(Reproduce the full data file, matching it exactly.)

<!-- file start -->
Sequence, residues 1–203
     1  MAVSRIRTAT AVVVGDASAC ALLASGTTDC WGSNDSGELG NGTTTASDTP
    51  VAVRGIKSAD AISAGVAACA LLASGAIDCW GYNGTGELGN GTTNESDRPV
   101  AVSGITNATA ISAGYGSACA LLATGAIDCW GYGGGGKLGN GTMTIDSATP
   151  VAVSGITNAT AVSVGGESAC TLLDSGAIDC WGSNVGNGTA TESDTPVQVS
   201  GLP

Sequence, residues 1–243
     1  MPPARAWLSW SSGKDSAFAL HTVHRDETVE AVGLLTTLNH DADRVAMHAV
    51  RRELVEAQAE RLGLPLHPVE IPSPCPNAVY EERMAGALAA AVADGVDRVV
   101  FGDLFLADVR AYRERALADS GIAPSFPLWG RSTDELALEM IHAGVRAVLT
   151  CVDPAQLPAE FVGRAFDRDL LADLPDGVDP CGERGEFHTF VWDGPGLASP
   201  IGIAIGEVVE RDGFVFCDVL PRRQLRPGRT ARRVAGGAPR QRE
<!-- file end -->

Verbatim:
Sequence, residues 1–203
     1  MAVSRIRTAT AVVVGDASAC ALLASGTTDC WGSNDSGELG NGTTTASDTP
    51  VAVRGIKSAD AISAGVAACA LLASGAIDCW GYNGTGELGN GTTNESDRPV
   101  AVSGITNATA ISAGYGSACA LLATGAIDCW GYGGGGKLGN GTMTIDSATP
   151  VAVSGITNAT AVSVGGESAC TLLDSGAIDC WGSNVGNGTA TESDTPVQVS
   201  GLP

Sequence, residues 1–243
     1  MPPARAWLSW SSGKDSAFAL HTVHRDETVE AVGLLTTLNH DADRVAMHAV
    51  RRELVEAQAE RLGLPLHPVE IPSPCPNAVY EERMAGALAA AVADGVDRVV
   101  FGDLFLADVR AYRERALADS GIAPSFPLWG RSTDELALEM IHAGVRAVLT
   151  CVDPAQLPAE FVGRAFDRDL LADLPDGVDP CGERGEFHTF VWDGPGLASP
   201  IGIAIGEVVE RDGFVFCDVL PRRQLRPGRT ARRVAGGAPR QRE